Jolly is no slouch either as the idolizing Chris, a dedicated DJ driving to put The Blues he loves on the Philadelphia airwaves. Chris is a devotee of Lonnie and is overjoyed to play music for and with his hero as he argues his case to share Johnson’s musical legacy with the world. Jolly shows his chops playing “Tomorrow Night” and Beautiful But Dumb” for Beckett’s Johnson. “Two-Tone Stomp” and “Blues For Chris” are standout Beckett/Jolly duets which capture the true joy of complementary performance.

But while the music soars, the dialog lost me at points. Perhaps it was opening night jitters or the difficulty in compressing a man’s life and career into verbal vignettes between songs, but a little tightening up would improve the flow of the show.

By no means should that minor script detail stop you from making time to see this production. Director Joe Trainor puts his two principal actors front and center, but makes sure the music is the real the star. While Lonnie laments that the music industry is a contest he “can’t seem to win,” this play is definitely a winner.

As Beckett said in an interview with the Lower Bucks Times: “I hope what people get out of this show is that music is just music. Music brings people together.” Amen.

Playwright David Robson.
Photo by Sonja Robson.
Artistic Director Kerry Kristine McElrone says, “Blues In My Soul came along at exactly the right time for CTC. We have been lucky to work with David throughout our history. …The incredible true story of this encounter between Lonnie and Chris was instrumental in creating a ‘second act’ for one of the greatest musicians of the 20th Century. This is a tale about the need for connection and the impact that art – in this case, music – can have on individuals who on the surface seem to have nothing in common, yet find community in each other through a beloved art form. ...And the process of making this play ready for an appreciative audience was very in line with our commitment to new work and involving the creator in that process.”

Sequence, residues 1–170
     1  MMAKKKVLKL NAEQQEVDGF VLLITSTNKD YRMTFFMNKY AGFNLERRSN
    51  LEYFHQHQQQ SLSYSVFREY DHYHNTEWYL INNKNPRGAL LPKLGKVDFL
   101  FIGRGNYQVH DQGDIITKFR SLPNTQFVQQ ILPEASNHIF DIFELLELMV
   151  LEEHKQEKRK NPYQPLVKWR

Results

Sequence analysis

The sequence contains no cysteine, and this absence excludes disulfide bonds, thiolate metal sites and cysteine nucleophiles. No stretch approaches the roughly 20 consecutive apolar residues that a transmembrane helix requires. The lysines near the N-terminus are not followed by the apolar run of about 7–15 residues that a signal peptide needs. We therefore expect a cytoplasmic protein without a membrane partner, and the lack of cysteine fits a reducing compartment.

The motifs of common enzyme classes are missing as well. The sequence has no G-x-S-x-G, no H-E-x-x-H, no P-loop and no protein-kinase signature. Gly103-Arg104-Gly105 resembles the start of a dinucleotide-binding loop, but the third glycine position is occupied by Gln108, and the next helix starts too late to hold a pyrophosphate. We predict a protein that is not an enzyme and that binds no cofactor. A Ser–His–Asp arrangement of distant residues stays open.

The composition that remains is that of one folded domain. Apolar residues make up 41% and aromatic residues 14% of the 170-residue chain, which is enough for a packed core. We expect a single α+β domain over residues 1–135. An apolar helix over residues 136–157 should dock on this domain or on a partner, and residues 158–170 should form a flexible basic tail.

Robson echoes that sentiment: “As an artistic partner, CTC can’t be beat. As a long-time supporter of my work, their creative team has been instrumental in helping me nudge the play forward by asking the right questions and encouraging my efforts to hone the piece. Their belief in this story honors my work and the life of the great Lonnie Johnson.”

Blues In My Soul runs for only four performances through next Saturday (March 18, 19, 25, and 26). Curtain is at 8:00pm, and the show lasts just under 90 minutes. City Theater Company’s new home at The Delaware Contemporary is located at 200 South Madison, Wilmington, DE 19801. 

Tickets ($30-40) can be purchased at the box office or online. Special ticket pricing is available for military personnel and students. Visit city-theater.org for more details and COVID-19 protocols/policies.

Come share in the magic of rediscovered music. As Lonnie Johnson would say about The Blues: “You can have ‘em, but you can’t own ‘em.”